MSCI is consulting the investment community about increasing China's representation in its indices after receiving “overwhelming positive” feedback from institutional investors following the initial inclusion of A-shares.
If implemented, China's local share market could become institutionalised and internationalised more quickly, prompting global asset owners to rethink how they approach this market.
Critically, the experiences to date of institutional investors have been strongly positive. The Stock Connect schemes linking Hong Kong to Shanghai and Shenzhen have proved very robust. As a result, institutional investors have been able to put through and execute trades smoothly without breaching the daily limits after the May increase in daily trading quotas.
There are also no concerns related to offshore renminbi liquidity levels, Chia Chin-ping, Hong Kong-based head of research for Asia Pacific at MSCI, told AsianInvestor.
“What it really tells us is that we might have been a lot more conservative at the beginning just to put 5% through,” he said, referring to the factor percentage used to determine how much of China's adjusted market cap is incorporated into MSCI's flagship emerging market and world indices.*
That initial "partial inclusion factor", introduced in two stages this summer, has been comfortably assimilated by investors in part thanks to the Connect schemes and increasing it is a natural next step, Cindy Chen, managing director and head of securities services for Hong Kong at Citi, told AsianInvestor.
The Connect schemes have delivered the necessary scale and ease of access for foreign investors, she said.
In the 15 months since the MSCI inclusion of Chinese shares was announced in June 2017, the number of institutional accounts in the Connect schemes has grown from 1,700 to 6,300, which has led to $46 billion of inflows into the A-share market, Chia said.
“What it tells us is that even for the 5% inclusion, a broad number of institutional investors has actually participated. Once you’ve set up the account, moving money is much easier,” he said.
However, Chia said he does not expect the account opening to grow at a faster rate than last year, even assuming the new proposals are implemented.
“Most institutional investors who wanted to come in [have] already set up the Connect accounts,” he said.
But others see plenty of pent-up demand still out there.
Alexander Treves, emerging markets and Asia-Pacific investment specialist at JP Morgan, said substantially more capital inflows into China A-Shares will come from offshore in the next few years.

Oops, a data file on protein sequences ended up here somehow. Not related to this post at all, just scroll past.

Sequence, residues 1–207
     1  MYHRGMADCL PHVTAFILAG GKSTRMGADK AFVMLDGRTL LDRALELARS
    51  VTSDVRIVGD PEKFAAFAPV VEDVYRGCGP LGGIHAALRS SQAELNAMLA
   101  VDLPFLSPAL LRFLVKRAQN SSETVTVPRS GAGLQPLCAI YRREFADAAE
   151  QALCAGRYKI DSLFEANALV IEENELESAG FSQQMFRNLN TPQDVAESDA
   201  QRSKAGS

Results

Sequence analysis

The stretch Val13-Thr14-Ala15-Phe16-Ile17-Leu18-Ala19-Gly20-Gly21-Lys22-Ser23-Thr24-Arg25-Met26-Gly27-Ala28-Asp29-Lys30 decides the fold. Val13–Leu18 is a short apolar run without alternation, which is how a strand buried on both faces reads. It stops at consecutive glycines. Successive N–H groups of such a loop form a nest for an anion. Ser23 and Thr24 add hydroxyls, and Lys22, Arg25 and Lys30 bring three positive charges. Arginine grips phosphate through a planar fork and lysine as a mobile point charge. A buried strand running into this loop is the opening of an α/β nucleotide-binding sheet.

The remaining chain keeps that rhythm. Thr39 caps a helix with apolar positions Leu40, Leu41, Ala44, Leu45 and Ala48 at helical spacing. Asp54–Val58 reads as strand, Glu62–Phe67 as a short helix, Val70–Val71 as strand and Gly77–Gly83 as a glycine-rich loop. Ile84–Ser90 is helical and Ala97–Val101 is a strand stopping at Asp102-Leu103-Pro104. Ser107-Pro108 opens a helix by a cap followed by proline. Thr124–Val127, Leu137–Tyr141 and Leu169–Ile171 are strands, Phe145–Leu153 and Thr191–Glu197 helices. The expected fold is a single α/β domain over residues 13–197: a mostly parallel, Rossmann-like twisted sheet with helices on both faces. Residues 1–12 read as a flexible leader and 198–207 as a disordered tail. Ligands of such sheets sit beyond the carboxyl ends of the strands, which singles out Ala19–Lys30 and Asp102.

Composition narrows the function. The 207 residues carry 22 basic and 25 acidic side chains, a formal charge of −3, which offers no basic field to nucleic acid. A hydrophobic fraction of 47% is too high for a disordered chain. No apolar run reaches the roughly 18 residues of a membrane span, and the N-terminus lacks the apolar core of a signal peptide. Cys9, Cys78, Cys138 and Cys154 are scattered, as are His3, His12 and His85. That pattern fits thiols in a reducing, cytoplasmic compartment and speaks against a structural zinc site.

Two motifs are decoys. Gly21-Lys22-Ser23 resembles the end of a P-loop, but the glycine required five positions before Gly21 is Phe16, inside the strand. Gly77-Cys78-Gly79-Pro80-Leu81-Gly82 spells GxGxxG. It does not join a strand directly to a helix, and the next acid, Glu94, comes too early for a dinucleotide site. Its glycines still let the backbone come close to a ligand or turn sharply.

For him MSCI inclusion is just part of the reason. The bigger factor may be rising interest from European and, increasingly, US institutional investors seeking to better understand and participate in China A-share investment opportunities, he told AsianInvestor.
There are now 235 companies in the MSCI China Indexes and related composite indices, including the MSCI Emerging Markets Index. These constituent companies are all large-cap ones listed on the main boards in Shanghai and Shenzhen, excluding the Shenzhen ChiNext board and Shenzhen SME (small and medium enterprise) board.
MSCI is consulting the public on three proposals: to raise the inclusion factor in the emerging market index to 20% from 5% in two phases -- two 7.5 percentage increases in May 2019 and August 2019; to include an indicative 31 stocks listed on the ChiNext board in May 2019; and to add 168 China A mid-cap securities with a 20% inclusion factor in May 2020. (see chart)
The pro forma index weight of China A shares in the MSCI Emerging Market Index will increase from 0.71% to 3.36% in August 2020 if all the proposals are put into place.
ChiNext, on which most Chinese technology companies debut their shares, is not a segment currently represented in the MSCI China Index, but it is becoming more important and is about 20% of the representation of all the A-share stocks in Shanghai and Shenzhen, Chia said.
“It has grown in size, significance and representation. We feel that it’s a right time to bring the questions in,” he said.
Regarding the inclusion of mid-cap stocks, Chia said it is standard for MSCI indices to include both large- and mid-cap securities. That China did not the first time around was exceptional and largely because there were already 235 stocks for investors to study.
“But that created a methodology inconsistency. We now think is the time to bring it back to norm and make it consistent with ... other markets,” he said.
The incorporation of mid-cap stocks will happen a year later after the inclusion factor is increased, as investors may not be ready to cover the additional 168 stocks, he said.
The consultation will run until February 15, 2019 and MSCI plans to announce its decision on or before February 28, 2019.
* MSCI adjusts country market caps according to the free float of shares applicable to foreign investors. For more information on the partial inclusion formula used for China, click here.